Tuesday, 28 January 2014


(My aim has now become to end January with 40 posts - thus, there will have been 1550 posts since the blog began. I will then catch up with other reading for what is left of this month.)

After the (loosely interpreted) "Historical" and "A-Historical" sections of Poul Anderson's Fantasy (New York, 1981), the third and last section is called "It Could Happen To You" - although I am not sure that it could.

The first story in the third section is "Interloper." I read this story many years ago, I think in an anthology. My next Anderson reading will be to finish "Of Thud and Blunder," then to reread "Interloper."

I remember a certain amount. The story addresses the question, "Why build an interstellar empire?" Sf readers are familiar with interstellar empires but not with that precise question. The story involves extrasolar aliens. That alone would be enough to make this work science fiction (sf). However, it also involves fairies. That on its own would change the story's category to fantasy. However, the fairies are scientifically rationalized so we are back with sf.

It is aliens versus fairies. The fate of Earth is at stake, unbeknownst to human beings - although, in reality, it is we who imagine those other kinds of beings. In this case, "aliens versus fairies" does not mean "science versus the supernatural" because, as already stated, these fairies, intelligent beings secretly coexisting with human beings, are scientifically rationalized.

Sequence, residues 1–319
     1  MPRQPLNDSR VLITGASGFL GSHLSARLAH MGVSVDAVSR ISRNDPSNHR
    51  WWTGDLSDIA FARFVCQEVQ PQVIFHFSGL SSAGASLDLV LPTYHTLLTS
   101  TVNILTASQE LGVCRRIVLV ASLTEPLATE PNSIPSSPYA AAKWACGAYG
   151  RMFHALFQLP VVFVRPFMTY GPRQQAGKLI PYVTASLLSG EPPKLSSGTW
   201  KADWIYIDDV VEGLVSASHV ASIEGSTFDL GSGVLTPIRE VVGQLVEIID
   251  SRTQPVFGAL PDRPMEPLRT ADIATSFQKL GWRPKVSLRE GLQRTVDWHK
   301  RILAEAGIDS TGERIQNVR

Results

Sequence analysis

Thus, this story's "King Oberon" (p. 210) is neither the Shakespearean Oberon of Anderson's A Midsummer Tempest nor the Shakespearean Auberon of Neil Gaiman's The Sandman (see image). However, I do remember that this Anderson short story contains many interesting details, which I will appreciate on rereading.


  1. Hi, Paul!

    Actually, I would argue that many SF fans are familiar with answers to the question "Why build an interstellarr empire?" from reading both the works of Poul Anderson and Isaac Asimov. In Anderson's Technic History the Terran Empire arose on the ruins of the looser structure of the fallen Solar Commonwealth and Polesotechnic League due the urgent need to restore order and drive out barbarian invaders. In Asimov's THE CURRENTS OF SPACE we see the Trantorian Empire on the edge of unifying the entire galaxy and founding the First Galactic Empire. This was defended on the grounds that peace and order could only be ensured by Trantor conquering the entire galaxy.


  2. Sean,
    Yes, and similarly with the Empire of Man in the Motie books. I should have said, "Why build a covert, exploitative interstellar empire?" which I think is the issue in "Interloper." I will be able to say more when I have reread the story.

    1. Hi, Paul!

      Yes, that does clarify what you actually meant. And, the Empire of Man in Niven/Pournelle's CoDominium/Motie series also arose for motives similar to what we see in Anderson/Asimov.